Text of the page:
Poly (ADP-ribose) Polymerase (PARP) Cleavage Assay
Protein extracts of treated or untreated cells grown in six-well plates were prepared by lysing cells in 100 µl/well cold RIPA buffer (Sigma-Aldrich, St. Louis, MO). Protein concentrations were determined using a bicinchoninic acid-based assay (BCA Protein Assay Reagent, Thermo Scientific, Rockford, IL). Protein extracts were fractionated by sodium dodecyl sulfate polyacrylamide gel electrophoresis (SDS-PAGE) using 10% PAGEr Gold Tris-Glycine PreCast gels (Lonza, Rockland, ME). After electrophoresis, proteins were transferred to Immobilon-P 0.45um PVDF membranes (Millipore, Billerica, MA) at 20V for 90 min at 4°C and the membrane was blocked with 5% (w/v) instant non-fat dry milk in Tris-Tween buffered saline (TTBS; 16.1 mM Tris-HCl/3.88 mM Tris-base/150 mM NaCl/0.5% Tween 20, pH 7.5). The blocked membrane was incubated with a 1∶3000 dilution of the anti-PARP-1 antibody in TTBS and incubated at 4°C over night. The filter was washed three times with TTBS followed by the incubation with a 1∶100,000 dilution of horse-radish peroxidase-conjugated goat anti-rabbit secondary antibody in 1% (w/v) instant non-fat dry milk in TTBS (Jackson ImmunoResearch, West Grove, PA). Duplicate immunoblots probed with an actin-specific antibody were used as loading controls. Bands were imaged using a Kodak Image Station 4000R Pro (Carestream, Rochester, NY, USA) and individual protein bands quantified using Carestream Molecular Imaging Software version 5.0. Data are expressed as intensity normalized to the appropriate actin control.
Annexin V and Propidium Iodide Assay for Apoptosis
To evaluate apoptosis by assaying for annexin V binding in cells, cells were plated in 8 well chamber slides (20,000 cells per well), treated with either 300 µM AA, 10 µM 3-PO, or a combination of AA and 3-PO and were assayed 15 min, 30 min, 45 min, 60 min, 2 h, 3 h and 4 h post-treatment. Cells were rinsed with Apoalert binding buffer and resuspended in 200 µl of binding buffer. The chamber slides were then stained with 5 µl of DAPI to stain the DNA, 5 µl of annexin V (20 µg/ml in Tris-NaCl) to detect cells in early apoptotic stage and 10 µl of propidium iodide (50 µg/ml in Apolaert binding buffer) for detection of late apoptotic cells. Analyses were performed manually using a fluorescence microscope. Cells with bound annexin V show fluorescent green staining in the plasma membrane. Cells that have lost membrane integrity showed red staining throughout the cytoplasm and a halo of green staining on the cell surface (plasma membrane). A minimum of 200 cells were scored for each sample and the results are based on three independent experiments in which triplicate treatments were analyzed for each experiment.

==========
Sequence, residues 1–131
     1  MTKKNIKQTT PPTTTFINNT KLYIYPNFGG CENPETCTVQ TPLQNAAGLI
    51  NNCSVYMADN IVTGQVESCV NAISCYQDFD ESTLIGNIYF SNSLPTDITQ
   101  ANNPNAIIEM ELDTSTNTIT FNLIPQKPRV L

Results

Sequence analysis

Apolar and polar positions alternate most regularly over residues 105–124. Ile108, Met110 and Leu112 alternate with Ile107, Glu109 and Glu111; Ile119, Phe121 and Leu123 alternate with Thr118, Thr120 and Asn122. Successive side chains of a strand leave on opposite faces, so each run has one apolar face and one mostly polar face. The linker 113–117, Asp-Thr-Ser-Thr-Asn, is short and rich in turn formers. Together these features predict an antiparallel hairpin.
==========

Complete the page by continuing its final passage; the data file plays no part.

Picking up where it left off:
Caspase 3/7 Assay
To detect caspase activity in NSCLC cells, the CellEvent™ Caspase-3/7 Green Detection Reagent (Life Technologies/Invitrogen) was used. This assay utilizes a novel fluorogenic substrate for activated caspases 3 and 7. Apoptotic cells with activated caspases 3 and/or 7 will have bright green nuclei, while cells without activated caspases will have minimal fluorescence. For these experiments, cells were plated in 8 well chamber slides (20,000 cells per well), treated with either 300 µM AA, 10 µM 3-PO, or a combination of AA and 3-PO for 15 min, 30 min, 1 h and 2 h. The substrate was added and after a 30 min incubation at 37°C, the cells were observed under the fluorescence microscope. A total of 300–450 cells were analyzed for each experiment and the experiment was repeated three times, with triplicate treatments analyzed for each experiment.